How Aging Affects Your Feet
8 Common Problems and Why They Occur
Aging takes its toll on your feet as it does with the rest of your body. Given the amount of stress we place on our feet over a lifetime, it’s easy to see why these problems occur. In addition to general wear-and-tear, there are physiological changes that will affect how your joints, bones, and tendons function.
These changes tend to develop gradually as cell turnover and collagen production begin to slow. As the skin starts to thin, so, too, will the fatty layer cushioning the soles and heels.https://a8466f2d12b8a526dd50f7e1d778d1c1.safeframe.googlesyndication.com/safeframe/1-0-38/html/container.html
These changes can give rise to stability problems affecting the knees, hips, and lower back. The gradual wearing down of cartilage in the joint space, along with inflammation of bursa and tendons, only adds to the burden.
The most common aging-associated foot problems are those that affect the skin, connective tissues, joints, nails, and blood circulation.
Dry skin, especially on the soles of the feet, is a problem that may require a daily application of moisturizer to prevent cracking and infection. The gradual depletion of collagen, exacerbated by the lack of consistent foot care, can lead to the formation of cracked heels and calluses.
If left untreated, cracked skin around the heel can make it painful to walk or even stand.
If cracks in the skin are deep enough, bacteria can infiltrate the exposed tissue and cause a foot infection. In older people or people with diabetes, this can lead to a potentially serious infection known as cellulitis.
As your feet age, connective tissues called ligaments can begin to stretch, reducing the height of your arch and leading to a condition commonly known as flat feet (pes planus).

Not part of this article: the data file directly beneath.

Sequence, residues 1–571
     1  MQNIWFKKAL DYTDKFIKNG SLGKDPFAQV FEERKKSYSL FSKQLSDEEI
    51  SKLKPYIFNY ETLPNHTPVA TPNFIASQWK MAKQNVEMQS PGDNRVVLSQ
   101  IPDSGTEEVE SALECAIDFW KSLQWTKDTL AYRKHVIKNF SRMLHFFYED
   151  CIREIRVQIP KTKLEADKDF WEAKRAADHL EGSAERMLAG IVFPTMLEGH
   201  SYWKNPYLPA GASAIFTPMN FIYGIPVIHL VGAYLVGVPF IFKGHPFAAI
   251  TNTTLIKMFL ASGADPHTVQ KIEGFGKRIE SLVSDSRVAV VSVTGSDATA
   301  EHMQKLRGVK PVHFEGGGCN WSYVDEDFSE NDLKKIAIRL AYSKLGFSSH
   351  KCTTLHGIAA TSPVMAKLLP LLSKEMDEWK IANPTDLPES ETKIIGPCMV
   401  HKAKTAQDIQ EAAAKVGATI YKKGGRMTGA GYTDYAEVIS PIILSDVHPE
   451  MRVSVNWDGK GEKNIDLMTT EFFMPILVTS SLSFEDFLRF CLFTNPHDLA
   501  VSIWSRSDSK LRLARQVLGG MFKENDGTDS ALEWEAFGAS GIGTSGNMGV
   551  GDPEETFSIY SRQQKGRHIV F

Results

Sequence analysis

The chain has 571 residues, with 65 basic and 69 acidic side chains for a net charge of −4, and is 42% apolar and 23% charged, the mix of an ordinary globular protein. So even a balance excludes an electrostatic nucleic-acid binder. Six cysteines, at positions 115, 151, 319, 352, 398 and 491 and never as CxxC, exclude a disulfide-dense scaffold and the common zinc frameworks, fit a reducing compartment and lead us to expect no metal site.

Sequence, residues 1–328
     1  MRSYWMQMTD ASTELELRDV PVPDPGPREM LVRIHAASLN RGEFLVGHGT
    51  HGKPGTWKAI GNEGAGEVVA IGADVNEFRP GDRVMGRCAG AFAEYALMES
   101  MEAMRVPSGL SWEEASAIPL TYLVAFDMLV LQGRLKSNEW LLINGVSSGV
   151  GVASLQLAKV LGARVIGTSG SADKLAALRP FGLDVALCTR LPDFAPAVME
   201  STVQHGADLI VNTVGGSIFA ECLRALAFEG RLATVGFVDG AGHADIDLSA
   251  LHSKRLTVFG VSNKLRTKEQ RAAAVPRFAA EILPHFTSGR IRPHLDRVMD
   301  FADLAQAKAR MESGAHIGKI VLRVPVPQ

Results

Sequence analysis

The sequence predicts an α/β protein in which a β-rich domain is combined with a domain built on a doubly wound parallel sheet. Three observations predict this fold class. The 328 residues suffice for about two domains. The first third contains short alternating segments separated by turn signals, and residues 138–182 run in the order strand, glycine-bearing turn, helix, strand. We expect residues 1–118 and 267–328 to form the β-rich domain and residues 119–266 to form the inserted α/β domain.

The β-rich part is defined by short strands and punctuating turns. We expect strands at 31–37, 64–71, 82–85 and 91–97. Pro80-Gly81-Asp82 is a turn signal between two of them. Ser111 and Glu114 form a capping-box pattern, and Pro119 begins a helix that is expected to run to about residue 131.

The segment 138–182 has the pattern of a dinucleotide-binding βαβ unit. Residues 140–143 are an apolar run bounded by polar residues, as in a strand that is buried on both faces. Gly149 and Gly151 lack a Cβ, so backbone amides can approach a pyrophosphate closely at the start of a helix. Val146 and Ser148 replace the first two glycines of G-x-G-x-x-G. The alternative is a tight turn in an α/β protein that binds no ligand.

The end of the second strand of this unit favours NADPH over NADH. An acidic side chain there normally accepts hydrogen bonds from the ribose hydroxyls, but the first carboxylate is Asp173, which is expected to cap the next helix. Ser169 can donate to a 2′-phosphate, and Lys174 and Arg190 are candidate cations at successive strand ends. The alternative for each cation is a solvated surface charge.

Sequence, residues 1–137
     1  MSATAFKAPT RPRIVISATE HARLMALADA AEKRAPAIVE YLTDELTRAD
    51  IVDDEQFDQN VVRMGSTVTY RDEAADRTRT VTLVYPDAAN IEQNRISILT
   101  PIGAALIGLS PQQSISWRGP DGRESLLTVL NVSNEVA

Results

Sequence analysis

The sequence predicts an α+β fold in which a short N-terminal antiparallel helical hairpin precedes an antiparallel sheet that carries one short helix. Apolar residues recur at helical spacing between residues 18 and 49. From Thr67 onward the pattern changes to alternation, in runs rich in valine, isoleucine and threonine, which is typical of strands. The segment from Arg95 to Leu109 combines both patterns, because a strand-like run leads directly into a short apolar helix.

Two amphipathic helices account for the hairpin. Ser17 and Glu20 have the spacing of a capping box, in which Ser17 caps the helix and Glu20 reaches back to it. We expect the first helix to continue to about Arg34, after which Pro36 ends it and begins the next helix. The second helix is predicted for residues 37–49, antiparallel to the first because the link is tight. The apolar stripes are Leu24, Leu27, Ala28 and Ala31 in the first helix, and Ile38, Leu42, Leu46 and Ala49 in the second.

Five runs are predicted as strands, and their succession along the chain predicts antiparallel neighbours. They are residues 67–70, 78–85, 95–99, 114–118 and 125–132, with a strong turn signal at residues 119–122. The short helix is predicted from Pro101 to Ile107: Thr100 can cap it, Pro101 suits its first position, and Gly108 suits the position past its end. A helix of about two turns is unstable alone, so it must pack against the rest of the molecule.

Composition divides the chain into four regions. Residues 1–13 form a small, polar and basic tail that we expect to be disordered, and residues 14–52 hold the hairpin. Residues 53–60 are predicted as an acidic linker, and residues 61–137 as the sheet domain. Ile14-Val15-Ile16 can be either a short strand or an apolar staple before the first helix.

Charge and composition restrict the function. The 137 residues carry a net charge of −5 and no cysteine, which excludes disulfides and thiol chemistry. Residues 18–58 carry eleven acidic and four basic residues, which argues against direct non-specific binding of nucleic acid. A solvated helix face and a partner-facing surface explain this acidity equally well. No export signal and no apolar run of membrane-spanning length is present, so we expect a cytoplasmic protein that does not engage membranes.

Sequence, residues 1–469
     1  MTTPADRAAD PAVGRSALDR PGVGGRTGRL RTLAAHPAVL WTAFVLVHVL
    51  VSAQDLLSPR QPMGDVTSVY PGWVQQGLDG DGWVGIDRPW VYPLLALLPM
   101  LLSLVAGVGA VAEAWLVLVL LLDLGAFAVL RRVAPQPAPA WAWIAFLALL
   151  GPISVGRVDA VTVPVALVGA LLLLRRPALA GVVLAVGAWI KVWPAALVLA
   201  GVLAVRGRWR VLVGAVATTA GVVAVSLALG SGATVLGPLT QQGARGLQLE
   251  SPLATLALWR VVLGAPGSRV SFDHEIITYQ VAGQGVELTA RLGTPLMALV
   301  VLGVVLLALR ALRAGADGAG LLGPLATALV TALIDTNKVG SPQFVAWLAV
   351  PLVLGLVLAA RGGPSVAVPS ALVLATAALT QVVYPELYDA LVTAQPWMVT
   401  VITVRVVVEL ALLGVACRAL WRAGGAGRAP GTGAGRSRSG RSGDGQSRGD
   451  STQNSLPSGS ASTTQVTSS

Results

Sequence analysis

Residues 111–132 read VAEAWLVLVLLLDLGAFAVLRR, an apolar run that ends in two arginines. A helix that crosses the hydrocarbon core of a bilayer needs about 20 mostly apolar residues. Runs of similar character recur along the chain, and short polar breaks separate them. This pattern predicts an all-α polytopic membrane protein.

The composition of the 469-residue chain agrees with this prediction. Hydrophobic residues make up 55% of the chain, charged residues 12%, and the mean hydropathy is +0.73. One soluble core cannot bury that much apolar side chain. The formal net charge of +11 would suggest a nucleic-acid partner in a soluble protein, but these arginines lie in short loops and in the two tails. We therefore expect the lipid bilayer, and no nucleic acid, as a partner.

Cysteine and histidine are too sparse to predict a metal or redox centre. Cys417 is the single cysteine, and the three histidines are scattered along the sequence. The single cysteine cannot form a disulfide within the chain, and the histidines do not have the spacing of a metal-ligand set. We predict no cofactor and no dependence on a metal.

The pain caused by pes planus, which typically develops in the mid-foot, tends to increase with activity and is often accompanied by swelling along the inner ankle and arch. Hip, knee, and lower back pain are also common.3
Flat feet can also alter the angle of your foot, causing overpronation, the loss of stability, and an increased risk of ankle and foot sprains.
Shortened Achilles Tendon
Another type of connective tissue, known as a tendon, can begin to lose water as you age. Tendons connect muscle to bone, and, if these are shortened due to water loss, you may end up with a more flat-footed gait since you will be less able to flex your ankle, midfoot, and toes.
This is especially true of the Achilles tendon which connects the calf muscle to the heel bone (calcaneus).
Unless steps are taken to routinely stretch your Achilles tendon, you may be at greater risk of a tear or rupture if you overexert the tissues (such as by forceful jumping or running up the stairs).